Another account of St. Anthony, the Great.

A.D. 356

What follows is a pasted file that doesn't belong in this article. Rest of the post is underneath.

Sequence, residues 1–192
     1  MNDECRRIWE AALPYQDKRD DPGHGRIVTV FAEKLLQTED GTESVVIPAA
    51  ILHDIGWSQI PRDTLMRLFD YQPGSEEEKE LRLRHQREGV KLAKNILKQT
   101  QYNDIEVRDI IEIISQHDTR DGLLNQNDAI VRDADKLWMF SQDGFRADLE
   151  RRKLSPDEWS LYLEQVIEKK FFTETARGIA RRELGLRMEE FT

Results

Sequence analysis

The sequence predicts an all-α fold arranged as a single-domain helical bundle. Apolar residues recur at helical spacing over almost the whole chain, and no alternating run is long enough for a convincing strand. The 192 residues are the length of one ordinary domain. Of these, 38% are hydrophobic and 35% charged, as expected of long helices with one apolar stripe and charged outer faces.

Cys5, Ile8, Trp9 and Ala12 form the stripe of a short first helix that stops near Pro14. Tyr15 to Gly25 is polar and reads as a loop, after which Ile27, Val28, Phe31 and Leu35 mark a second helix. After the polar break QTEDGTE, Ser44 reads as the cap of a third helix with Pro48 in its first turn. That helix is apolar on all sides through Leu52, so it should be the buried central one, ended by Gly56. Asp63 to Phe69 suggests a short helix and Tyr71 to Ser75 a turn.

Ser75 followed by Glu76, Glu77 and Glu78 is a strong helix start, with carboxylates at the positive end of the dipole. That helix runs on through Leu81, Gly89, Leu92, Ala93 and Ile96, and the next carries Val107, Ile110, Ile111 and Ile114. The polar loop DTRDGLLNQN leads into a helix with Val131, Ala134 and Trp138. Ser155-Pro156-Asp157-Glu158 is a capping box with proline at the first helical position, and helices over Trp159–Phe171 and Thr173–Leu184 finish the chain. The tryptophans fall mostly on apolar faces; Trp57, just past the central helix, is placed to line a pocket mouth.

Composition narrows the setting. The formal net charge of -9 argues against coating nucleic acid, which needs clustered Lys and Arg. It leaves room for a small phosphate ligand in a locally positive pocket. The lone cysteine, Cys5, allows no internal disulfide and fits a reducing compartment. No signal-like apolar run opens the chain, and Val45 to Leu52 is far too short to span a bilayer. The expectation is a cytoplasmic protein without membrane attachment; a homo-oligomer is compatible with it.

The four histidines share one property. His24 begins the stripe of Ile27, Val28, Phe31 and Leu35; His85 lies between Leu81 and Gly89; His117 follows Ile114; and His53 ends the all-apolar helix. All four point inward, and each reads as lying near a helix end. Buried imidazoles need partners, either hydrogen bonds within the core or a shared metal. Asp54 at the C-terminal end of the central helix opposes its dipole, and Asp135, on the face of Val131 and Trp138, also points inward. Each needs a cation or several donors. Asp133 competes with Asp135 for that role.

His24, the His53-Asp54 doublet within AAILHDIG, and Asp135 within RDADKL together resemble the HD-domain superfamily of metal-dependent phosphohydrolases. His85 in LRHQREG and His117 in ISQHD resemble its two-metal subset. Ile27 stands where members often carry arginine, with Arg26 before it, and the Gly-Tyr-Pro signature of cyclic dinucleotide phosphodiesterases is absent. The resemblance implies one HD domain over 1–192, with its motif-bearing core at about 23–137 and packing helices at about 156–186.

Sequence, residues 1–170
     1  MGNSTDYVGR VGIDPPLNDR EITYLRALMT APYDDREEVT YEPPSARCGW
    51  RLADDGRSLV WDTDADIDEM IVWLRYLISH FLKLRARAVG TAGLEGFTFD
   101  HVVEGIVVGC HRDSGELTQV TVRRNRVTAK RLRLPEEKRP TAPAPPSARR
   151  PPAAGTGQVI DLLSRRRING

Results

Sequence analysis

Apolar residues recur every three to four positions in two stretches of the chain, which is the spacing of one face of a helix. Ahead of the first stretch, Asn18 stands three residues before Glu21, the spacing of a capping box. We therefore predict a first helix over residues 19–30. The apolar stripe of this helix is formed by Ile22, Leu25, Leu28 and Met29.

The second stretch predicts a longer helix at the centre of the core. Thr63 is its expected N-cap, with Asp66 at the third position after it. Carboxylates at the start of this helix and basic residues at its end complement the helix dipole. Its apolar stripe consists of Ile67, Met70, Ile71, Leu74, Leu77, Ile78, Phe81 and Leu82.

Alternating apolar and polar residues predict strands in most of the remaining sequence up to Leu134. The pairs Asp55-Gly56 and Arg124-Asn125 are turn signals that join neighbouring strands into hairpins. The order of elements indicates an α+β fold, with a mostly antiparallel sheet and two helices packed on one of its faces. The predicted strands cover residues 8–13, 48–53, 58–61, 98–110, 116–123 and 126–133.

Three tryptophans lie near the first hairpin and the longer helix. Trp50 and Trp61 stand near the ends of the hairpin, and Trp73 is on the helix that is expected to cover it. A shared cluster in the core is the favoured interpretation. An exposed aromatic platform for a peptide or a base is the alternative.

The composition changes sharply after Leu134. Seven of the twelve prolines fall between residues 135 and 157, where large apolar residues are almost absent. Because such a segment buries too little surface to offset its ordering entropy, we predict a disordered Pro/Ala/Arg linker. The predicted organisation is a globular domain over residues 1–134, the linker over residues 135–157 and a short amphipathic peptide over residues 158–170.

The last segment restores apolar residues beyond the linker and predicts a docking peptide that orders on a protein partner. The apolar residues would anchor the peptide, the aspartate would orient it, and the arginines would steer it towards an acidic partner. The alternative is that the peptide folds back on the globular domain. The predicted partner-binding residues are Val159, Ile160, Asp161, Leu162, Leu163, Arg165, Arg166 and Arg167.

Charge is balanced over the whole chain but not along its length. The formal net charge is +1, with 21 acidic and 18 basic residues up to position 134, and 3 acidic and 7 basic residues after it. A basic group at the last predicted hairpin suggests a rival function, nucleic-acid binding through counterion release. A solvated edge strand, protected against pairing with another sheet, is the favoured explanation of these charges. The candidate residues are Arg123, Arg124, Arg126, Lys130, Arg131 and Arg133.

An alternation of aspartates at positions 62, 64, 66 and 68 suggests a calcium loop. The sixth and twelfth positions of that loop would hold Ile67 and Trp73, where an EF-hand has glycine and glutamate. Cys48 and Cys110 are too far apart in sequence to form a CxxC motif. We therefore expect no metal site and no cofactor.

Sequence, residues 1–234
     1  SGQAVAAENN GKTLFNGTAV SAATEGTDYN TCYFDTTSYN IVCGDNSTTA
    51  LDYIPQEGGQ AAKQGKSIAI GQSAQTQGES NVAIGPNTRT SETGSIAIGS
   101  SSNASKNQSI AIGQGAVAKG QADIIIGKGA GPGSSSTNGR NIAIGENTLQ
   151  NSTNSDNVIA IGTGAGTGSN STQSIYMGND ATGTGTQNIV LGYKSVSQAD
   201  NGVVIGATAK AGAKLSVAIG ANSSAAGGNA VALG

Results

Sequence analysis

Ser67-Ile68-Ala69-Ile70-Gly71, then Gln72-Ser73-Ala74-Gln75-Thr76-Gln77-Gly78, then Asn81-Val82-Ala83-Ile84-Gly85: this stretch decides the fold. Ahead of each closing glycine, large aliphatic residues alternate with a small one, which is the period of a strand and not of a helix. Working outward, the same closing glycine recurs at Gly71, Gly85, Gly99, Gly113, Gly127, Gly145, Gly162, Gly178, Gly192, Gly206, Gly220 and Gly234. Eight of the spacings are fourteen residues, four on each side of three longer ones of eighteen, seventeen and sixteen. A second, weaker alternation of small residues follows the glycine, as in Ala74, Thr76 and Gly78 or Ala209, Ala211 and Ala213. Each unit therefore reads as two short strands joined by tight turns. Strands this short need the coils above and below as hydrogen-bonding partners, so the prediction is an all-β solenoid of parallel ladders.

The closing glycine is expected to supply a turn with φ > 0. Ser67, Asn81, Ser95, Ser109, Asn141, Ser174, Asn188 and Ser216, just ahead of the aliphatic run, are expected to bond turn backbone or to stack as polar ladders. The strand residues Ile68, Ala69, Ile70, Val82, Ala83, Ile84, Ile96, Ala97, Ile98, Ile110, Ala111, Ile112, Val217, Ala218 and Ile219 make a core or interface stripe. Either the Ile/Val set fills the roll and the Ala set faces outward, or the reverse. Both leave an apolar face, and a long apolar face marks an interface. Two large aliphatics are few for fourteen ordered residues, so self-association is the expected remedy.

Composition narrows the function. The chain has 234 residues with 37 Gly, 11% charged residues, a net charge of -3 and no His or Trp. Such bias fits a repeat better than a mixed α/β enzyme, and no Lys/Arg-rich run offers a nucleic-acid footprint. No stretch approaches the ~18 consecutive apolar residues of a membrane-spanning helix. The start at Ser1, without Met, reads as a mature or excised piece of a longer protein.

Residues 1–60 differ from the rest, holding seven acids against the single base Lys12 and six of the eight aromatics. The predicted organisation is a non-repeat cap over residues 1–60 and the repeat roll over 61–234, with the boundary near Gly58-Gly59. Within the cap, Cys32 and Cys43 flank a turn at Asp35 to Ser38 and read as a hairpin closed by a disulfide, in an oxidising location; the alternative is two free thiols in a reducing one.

St. Antony was born at Coma, a village near Heraclea, or Great Heracleopolis, in Upper Egypt, on the borders of Arcadia, or Middle Egypt, in 251. His parents, who were Christians, and rich, to prevent his being tainted by bad example and vicious conversation, kept him always at home; so that he grew up unacquainted with any branch of human literature, and could read no language but his own. He was remarkable from his childhood for his temperance, a close attendance on church duties, and a punctual obedience to his parents. By their death he found himself possessed of a very considerable estate, and charged with the care of a younger sister, before he was twenty years of age. Near six months after, he heard read in the church those words of Christ to the rich young man: Go sell what thou hast, and give it to the poor, and thou shalt have treasure in heaven (St. Matth, xix. 21). He considered these words as addressed to himself; going home, he made over to his neighbors three hundred aruras, that is, above one hundred and twenty acres of good land, that he and his sister might be free forever from all public taxes and burdens. The rest of his estate he sold, and gave the price to the poor, except what he thought necessary for himself and his sister. Soon after, hearing in the church those other words of Christ; Be not solicitous for to-morrow; (St. Matth, vi. 34) he also distributed in alms the moveables which he had reserved; and placed his sister in a house of virgins, which most moderns take to be the first instance mentioned in history of a nunnery. She was afterwards intrusted with the care and direction of others in that holy way of life. Antony himself retired into a solitude, near his village, in imitation of a certain old man, who led the life of a hermit in the neighborhood of Coma. Manual labor, prayer, and pious reading, were his whole occupation: and such was his fervor, that if he heard of any virtuous recluse, he sought him out, and endeavored to make the best advantage of his example and instructions. He saw nothing practised by any other in the service of God, which he did not imitate; thus he soon became a perfect model of humility, Christian condescension, charity, prayer, and all virtues.